Last week I stayed on the more mainstream side of biohacking with the topic of implanting RFID chips, in humans, which is currently being studied by multiple organizations for use in Alzheimer’s patients and remote health care systems, this week we’re going a little bit more out on a limb. In a word: magnets. More specifically, neodymium magnetic implants.
Neodymium magnets are one of, if not the strongest permanent magnets currently available on earth (meaning they are magnetic without an electrical current). These magnets are capable of holding up to 1,000 times their weight (in rare cases), the larger ones must be transported by land or sea, so they don’t interfere with aircraft navigation, and they don’t require an electric charge to maintain their electric field.
In short, these things are pretty powerful.
While typically used in electronic devices (and also some really neat toys), neodymium magnets have also been embraced by many of the biohacking community, who have installed them in their wrists, fingers, legs and *ahem* other areas. With this in mind, the health effects of implanting a strong magnet in your body have not been studied much. So I have explored some of the issues, and here are some of the common questions I came across, and a few experimental (and based largely on extrapolation) forays into the health risks.
Why implant a neodymium manget anyway?
The main benefit of implanting neodymium magnets under the skin seems to be gaining a sort of “magnetic vision”, or ability to sense magnetic fields and polarity of various objects, similar to Electroreception in fish and sharks. The sensation seems to be one of those you-won’t-know-until-you-try-it kind of things, and since I’m currently not quite up to undergoing even minor surgical procedures for the sake of a class (Sorry Prof. Maynard), here is how neodymium magnet-pioneer Todd Huffman described it to BME News:
BME: And when you move into a magnetic field, what does it feel like?
TODD: There are two distinct feelings I get from fields. For a static field, like a bar magnet, it feels like a smooth pressure. Imagine running your hand slowly through lukewarm water, and brushing your finger across the top of a large invisible marshmallow. That is the closest description I can give. Oscillating fields, such as electric motors, security devices, transformers, et cetera, vibrate the magnet. This sensation is much more sensitive and noticeable……….The implant is rather sensitive. I can tell the polarity of a bar magnet from several inches away. So far the furthest I have felt an oscillating field has been about two and a half or three feet. That was the security system in a video store, which uses magnetic induction.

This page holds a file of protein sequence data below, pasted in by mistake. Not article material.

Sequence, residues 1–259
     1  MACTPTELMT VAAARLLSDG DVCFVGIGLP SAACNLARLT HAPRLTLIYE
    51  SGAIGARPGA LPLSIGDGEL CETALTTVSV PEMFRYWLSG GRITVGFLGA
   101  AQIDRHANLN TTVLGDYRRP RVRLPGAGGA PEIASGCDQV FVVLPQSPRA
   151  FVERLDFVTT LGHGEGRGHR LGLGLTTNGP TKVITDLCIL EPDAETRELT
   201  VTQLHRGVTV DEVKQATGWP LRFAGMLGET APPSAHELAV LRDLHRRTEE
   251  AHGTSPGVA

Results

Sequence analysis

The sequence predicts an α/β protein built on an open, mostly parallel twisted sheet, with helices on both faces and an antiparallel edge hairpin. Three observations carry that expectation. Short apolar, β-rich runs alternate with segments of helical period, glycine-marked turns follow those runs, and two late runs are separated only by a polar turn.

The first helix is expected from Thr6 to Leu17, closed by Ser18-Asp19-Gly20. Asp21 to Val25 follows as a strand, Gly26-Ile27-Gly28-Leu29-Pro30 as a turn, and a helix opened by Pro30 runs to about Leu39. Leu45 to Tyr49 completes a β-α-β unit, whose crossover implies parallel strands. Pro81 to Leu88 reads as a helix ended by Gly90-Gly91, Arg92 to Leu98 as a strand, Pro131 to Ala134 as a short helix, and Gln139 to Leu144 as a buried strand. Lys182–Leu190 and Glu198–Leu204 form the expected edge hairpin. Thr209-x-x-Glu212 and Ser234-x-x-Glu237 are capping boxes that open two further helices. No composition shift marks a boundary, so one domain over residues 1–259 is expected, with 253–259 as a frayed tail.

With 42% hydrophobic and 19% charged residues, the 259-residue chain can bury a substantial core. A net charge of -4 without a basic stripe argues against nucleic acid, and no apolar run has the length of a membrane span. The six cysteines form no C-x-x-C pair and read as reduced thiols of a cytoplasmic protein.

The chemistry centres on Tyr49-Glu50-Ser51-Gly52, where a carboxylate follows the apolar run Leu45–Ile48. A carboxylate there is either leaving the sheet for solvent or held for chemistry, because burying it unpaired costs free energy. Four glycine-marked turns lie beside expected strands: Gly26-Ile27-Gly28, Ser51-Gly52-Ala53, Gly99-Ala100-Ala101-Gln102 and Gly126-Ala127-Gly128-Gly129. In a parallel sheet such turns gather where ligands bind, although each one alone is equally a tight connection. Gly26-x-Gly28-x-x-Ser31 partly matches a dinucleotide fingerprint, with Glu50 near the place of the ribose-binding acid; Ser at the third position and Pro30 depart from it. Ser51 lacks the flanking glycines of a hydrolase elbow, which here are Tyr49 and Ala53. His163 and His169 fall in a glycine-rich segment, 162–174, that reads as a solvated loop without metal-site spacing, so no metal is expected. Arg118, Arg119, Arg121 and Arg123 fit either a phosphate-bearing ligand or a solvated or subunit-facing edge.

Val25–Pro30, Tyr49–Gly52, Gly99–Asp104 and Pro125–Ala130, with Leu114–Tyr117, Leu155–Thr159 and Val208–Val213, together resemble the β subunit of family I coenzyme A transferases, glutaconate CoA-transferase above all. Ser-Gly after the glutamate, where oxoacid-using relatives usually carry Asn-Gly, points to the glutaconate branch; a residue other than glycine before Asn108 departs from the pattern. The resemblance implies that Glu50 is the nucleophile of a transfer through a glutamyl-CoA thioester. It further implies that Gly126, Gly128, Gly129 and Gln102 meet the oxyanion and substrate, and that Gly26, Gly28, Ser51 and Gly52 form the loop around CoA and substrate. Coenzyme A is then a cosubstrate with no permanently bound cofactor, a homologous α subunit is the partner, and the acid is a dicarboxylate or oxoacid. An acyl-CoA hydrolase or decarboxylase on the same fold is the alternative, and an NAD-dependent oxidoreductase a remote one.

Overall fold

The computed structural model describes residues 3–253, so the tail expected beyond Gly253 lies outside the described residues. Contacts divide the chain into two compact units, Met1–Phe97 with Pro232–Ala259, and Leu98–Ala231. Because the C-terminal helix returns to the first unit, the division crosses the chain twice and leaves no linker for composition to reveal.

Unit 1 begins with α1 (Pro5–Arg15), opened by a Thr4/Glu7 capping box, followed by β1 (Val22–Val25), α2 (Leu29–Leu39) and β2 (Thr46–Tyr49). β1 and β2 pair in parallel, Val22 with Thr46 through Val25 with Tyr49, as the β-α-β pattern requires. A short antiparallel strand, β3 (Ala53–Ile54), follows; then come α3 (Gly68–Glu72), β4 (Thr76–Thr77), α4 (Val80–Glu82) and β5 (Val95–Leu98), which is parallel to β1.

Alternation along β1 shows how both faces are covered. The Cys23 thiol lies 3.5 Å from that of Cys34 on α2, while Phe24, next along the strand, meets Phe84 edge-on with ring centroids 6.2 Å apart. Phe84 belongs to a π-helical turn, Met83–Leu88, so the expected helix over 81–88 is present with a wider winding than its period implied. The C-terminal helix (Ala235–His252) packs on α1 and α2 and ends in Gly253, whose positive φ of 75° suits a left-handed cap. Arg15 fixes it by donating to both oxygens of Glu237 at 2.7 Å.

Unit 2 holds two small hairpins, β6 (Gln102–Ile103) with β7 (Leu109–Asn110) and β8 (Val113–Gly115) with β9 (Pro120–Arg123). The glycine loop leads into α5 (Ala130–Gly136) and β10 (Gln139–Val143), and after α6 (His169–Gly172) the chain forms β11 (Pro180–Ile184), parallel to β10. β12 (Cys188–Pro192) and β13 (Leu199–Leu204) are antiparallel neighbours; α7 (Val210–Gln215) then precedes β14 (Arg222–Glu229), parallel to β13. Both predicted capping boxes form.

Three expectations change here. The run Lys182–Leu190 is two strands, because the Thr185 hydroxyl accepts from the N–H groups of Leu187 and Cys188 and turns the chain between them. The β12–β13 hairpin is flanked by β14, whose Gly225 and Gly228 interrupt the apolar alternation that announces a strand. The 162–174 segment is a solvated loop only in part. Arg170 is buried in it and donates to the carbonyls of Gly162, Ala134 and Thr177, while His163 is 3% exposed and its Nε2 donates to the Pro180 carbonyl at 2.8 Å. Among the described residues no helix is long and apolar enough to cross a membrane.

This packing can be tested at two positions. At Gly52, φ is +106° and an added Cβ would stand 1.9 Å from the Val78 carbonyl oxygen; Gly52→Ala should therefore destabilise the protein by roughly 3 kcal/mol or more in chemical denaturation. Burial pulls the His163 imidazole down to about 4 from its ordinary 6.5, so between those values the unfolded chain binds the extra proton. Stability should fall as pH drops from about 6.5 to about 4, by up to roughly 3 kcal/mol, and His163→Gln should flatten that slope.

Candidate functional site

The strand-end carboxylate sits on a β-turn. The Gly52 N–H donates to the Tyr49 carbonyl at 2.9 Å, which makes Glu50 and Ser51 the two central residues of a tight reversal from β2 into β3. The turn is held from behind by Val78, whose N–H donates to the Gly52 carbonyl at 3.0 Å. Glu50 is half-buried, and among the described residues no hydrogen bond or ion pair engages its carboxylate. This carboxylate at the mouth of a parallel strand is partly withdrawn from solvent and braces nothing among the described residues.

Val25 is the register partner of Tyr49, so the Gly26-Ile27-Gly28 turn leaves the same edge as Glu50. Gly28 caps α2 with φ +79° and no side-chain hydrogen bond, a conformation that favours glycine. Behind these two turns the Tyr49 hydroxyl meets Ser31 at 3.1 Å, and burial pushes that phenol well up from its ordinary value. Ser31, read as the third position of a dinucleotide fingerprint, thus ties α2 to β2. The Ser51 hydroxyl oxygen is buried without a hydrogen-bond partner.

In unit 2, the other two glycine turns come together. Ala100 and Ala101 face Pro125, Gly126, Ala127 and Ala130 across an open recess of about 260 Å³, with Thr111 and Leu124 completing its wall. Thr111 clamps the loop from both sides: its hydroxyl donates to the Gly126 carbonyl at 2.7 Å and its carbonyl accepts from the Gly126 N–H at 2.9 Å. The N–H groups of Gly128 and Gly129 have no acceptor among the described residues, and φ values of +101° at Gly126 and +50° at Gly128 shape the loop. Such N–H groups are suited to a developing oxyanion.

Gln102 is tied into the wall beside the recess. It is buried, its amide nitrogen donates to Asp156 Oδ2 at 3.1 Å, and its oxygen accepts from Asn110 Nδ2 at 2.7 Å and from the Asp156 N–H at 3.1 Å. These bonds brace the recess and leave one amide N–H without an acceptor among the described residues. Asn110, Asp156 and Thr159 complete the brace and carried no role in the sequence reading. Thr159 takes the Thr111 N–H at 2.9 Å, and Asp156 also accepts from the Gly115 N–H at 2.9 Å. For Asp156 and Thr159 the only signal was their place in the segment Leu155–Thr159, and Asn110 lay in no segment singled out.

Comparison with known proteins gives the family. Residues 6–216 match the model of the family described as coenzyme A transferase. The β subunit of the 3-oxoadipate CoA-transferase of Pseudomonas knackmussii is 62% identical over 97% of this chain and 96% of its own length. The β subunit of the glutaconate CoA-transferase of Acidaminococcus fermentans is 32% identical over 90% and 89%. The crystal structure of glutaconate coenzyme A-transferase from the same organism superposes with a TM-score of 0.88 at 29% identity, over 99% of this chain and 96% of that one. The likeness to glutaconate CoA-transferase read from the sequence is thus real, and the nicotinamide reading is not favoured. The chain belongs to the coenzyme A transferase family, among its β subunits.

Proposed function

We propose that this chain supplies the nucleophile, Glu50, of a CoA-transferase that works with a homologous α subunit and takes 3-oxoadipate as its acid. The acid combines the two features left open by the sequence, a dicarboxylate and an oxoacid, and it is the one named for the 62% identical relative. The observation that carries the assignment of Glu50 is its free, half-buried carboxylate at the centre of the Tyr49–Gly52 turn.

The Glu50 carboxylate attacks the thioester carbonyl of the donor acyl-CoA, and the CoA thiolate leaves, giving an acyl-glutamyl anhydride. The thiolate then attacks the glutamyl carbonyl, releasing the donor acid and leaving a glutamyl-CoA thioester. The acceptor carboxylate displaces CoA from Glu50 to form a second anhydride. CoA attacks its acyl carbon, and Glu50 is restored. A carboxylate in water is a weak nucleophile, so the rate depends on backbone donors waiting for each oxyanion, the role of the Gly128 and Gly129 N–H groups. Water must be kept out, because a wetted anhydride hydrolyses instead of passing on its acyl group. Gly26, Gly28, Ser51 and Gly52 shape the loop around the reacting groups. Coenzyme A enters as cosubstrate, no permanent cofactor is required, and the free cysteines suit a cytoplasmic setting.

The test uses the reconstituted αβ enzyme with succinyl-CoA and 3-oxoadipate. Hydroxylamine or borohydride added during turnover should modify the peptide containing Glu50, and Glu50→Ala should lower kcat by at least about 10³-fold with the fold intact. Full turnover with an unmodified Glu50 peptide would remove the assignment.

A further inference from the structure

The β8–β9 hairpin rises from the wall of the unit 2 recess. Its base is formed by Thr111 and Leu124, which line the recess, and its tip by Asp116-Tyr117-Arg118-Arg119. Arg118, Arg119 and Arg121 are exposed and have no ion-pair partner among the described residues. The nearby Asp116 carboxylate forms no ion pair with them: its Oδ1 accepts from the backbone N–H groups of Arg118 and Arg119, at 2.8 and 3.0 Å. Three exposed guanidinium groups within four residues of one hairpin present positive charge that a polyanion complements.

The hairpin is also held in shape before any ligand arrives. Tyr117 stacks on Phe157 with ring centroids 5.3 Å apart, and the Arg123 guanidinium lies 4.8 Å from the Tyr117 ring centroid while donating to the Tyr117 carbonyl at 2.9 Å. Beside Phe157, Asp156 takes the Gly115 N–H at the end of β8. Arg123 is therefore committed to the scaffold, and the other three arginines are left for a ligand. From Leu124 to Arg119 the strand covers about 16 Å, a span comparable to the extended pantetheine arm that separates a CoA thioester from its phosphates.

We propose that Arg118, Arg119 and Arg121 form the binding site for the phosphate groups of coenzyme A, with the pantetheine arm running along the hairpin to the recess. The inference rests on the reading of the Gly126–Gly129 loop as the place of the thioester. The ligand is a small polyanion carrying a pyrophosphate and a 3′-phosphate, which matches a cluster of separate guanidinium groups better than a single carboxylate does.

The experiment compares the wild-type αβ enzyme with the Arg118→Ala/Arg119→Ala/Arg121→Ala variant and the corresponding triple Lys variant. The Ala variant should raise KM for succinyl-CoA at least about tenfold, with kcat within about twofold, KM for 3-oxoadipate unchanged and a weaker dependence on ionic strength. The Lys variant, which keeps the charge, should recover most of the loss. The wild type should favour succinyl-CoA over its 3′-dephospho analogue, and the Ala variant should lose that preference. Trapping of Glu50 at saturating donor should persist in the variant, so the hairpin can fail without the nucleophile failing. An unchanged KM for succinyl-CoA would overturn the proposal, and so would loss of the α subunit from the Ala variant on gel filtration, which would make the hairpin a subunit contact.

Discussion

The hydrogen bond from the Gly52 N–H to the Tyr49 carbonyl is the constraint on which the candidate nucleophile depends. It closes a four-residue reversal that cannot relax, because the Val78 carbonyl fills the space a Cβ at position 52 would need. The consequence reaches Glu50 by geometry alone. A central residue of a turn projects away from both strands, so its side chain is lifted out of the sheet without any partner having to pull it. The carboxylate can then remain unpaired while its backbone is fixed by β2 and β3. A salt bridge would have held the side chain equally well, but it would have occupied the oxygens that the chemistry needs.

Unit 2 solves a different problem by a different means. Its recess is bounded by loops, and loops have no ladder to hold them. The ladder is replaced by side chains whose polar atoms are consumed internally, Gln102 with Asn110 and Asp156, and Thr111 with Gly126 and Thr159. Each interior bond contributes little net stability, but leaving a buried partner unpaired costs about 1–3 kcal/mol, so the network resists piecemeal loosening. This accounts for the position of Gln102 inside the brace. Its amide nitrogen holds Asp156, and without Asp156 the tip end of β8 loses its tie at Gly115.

How is the magnet implanted?
The procedure is more involved than implanting an RFID chip, as the incision site for a neodynium implant will likely need to be sutured shut. In the event that readers are curious, a video of a biohacker implanting the magnets in his finger tips can be seen here. Please be warned that this video does, in fact, show a man cutting into the tips of his fingers, and may not be for the squeamish.
Where do the magnets go?
One of the better-publicized recent examples of magnetic implants is Dave Hurban, who famously installed four magnets in his wrist to hold his iPod Nano. However, the two most common locations for implanting neodymium magnets are the fingertips and genital regions (don’t ask). The idea being that these two areas are where you will get the most effect/sensation, although Biohack.me also posits the possibility of implanting magnets in the lips for effect. Hopefully no one’s tested that yet. (Note: For a video of iDermal implant process click here. Please use your own discretion,the video involves a man, four magnets, his wrist and some sort of screwdriver/clamp. Use your imagination.)